Corliss Elizabeth Williams brought her vintage shop, The Lowry Estate, from New York to Metro Detroit.
By Stephanie Steinberg
Photography by Brett Mountain
Standing among racks of vibrant sweaters, denim jackets — one embroidered with giraffes — and funky patterned skirts, Corliss Elizabeth Williams shows off a more subdued outfit: a cream three-piece silk ribbon suit. Though it once belonged to her grandmother decades ago, the handmade suit is in mint condition.
“I have these little stories that happen when I go thrifting,” Williams says. “This year, when I was out meeting up with a dealer, I came across a three-piece black silk ribbon suit exactly like this on her birthday.”
The cream suit — that’s not for sale — inspired Williams to launch the ’70s to ’90s-inspired vintage shop The Lowry Estate. In November, the West Bloomfield resident opened the small shop in a Farmington office complex. Yet her endeavor to start a vintage shop featuring her grandmother and mother’s clothing began in 2015 in New York, where she was living at the time.
With a background in art direction, Corliss, 37, worked for publications like Time and The New York Times Magazine. But facing financial constraints, many art departments cut back.
“There weren’t any full-time positions available, so I was hopping around place to place, switching jobs every three to six months,” Williams says, “and it just got to a point like, ‘I just want to do this.’ ”
The “this” was thrifting. She took the plunge and turned her hobby into a booth at the Brooklyn Flea market. She then secured warehouse space, similar to her Farmington shop: small, square, intimate and full of her family’s objects. The window display features her grandmother’s lamp. Old photos taken by her father are sprinkled on a white vintage chest, along with a framed picture of her late grandmother riding a donkey in Greece.
Williams’ passion for clothing stems from her grandmother, Mabel Lowry, a Detroit Public Schools art teacher and principal.
Corliss Amelia Williams, Mabel’s daughter and Williams’ mother, says Mabel shopped at all the fashionable stores: Hudson’s, Saks, Demery’s and B. Siegel.
“She would shop to the point where the sales people knew her and would put things aside for her. So, we always have just been clothes people,” Corliss Amelia Williams says, mentioning the hundreds of pieces packed in her closets. “I love clothes, and my daughter has picked up on that, too.”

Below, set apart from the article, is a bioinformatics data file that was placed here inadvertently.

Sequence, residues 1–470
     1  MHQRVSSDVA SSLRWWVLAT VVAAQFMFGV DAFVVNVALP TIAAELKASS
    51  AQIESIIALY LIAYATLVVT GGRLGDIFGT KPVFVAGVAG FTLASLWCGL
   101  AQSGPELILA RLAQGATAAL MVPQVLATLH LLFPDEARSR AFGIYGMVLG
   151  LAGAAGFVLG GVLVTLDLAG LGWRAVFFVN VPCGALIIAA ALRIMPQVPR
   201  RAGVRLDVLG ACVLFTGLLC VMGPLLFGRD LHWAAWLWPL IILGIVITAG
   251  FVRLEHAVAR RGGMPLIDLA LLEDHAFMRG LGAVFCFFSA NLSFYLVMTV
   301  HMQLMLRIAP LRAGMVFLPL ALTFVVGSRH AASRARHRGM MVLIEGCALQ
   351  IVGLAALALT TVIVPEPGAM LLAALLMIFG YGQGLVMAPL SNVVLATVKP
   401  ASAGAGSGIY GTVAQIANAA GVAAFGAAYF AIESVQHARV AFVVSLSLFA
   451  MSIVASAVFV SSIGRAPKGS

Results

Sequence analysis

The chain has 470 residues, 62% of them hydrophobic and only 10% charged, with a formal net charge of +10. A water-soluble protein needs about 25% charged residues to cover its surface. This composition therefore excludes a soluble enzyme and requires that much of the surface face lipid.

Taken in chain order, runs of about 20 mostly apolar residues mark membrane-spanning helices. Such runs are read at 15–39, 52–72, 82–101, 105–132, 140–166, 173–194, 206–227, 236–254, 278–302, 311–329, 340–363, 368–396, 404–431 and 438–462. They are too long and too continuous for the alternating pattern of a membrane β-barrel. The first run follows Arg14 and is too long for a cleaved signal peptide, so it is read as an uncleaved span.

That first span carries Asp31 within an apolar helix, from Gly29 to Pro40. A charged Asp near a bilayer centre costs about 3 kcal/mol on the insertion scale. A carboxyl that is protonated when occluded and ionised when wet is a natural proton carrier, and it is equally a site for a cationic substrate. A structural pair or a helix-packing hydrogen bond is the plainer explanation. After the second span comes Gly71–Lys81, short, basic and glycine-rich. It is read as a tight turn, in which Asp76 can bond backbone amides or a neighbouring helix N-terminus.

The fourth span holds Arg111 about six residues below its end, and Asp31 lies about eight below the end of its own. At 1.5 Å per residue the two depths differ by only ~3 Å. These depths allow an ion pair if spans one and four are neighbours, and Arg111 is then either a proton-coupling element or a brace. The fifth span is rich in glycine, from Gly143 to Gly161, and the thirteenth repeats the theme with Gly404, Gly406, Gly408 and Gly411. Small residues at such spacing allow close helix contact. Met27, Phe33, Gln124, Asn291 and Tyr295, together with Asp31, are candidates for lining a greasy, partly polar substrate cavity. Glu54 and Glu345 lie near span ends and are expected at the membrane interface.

Corliss Elizabeth Williams returned to Metro Detroit in 2016, shortly after having her daughter, Amelia Elizabeth Williams Olu. She found a job as a creative director but didn’t give up her vintage shop. She became an Eastern Market vendor, enrolled in TechTown’s retail bootcamp and appeared at popup events around Detroit.
Karen Buscemi, founder and president of the fashion-focused nonprofit the Detroit Garment Group, has been following Williams’ journey and says she’s excited to have “another well-curated vintage store” in Metro Detroit.
“I’m even more excited that another New York-based fashion company has made the move to the Mitten,” Buscemi says. “With the creation of the Garment District (in Detroit), and everything else going on in our fashion industry, New York fashion businesses relocating to Michigan is going to be a common occurrence.”
The Lowry Estate collection ranges from $28 to $88. (Though there is an Armani suit for $458.) While the clothing mostly comes from Williams’ family closet, she also sources festive pieces from estate sales and places she won’t reveal.
“I call myself the anti-cat-eye vintage store,” she says. “I don’t have pieces that are costume-y like the 1950s cocktail dress that no one can fit in anymore. I try to get a range of sizes because the biggest challenge, especially since moving back to the Midwest, is that people are larger.”
She also pushes customers “out of their boundaries,” she says, eyeing one of her favorite pieces — a whimsical bright purple, pink and lime green skirt that looks like it jumped out of a fairy tale.
“If there’s someone who comes in and they’re like, ‘I wear black all the time,’ but then they see a skirt like that, there’s this way of convincing them to have the confidence that you can have a statement piece in your wardrobe, and it’s OK to step out of the box,” she says.
Huntington Woods native Caroline Voisine, founder of the fashion blog Polished Or Not and now based in Nashville, stumbled on The Lowry Estate at Eastern Market last fall.
“I was looking through her racks and saw this coat and was like, ‘I need this,’ ” Voisine says.
Voisine, 26, paid $35 for the plaid tweed coat that hits just below the knee.
“I generally have an issue with vintage clothing not fitting because I’m really tall, but it fits great,” she says, adding, “It didn’t have any stains; it didn’t have any weird smell; it was in great condition.”
On Instagram, Voisine posted pictures of herself wearing the coat, using Williams’ hashtag #ladiesinlowry.
“These pictures make my day because they’re smiling, they’re happy, they’re confident and they’re really rockin’ it, and that’s what my brand is about,” Williams says. “It’s about women’s empowerment, confidence and integration — like integrating timeless pieces into your wardrobe.”
The shop’s name pays homage to her grandma’s last name. But Williams also dreams of one day turning The Lowry Estate into an actual estate full of clothes and tchotchkes.
“In my head, it’s like this fantasy of this beautiful house,” she says. “It’s this secret, special, unique home. Right now, it’s kind of like a secret closet.”
The Lowry Estate
23023 Orchard Lake Road, Farmington
Building F, Courtyard Entrance
Hours: Saturday and Sunday noon to 5 p.m.; Tuesday through Friday by appointment only
See Corliss Elizabeth Williams’ 10 favorite vintage pieces for spring here.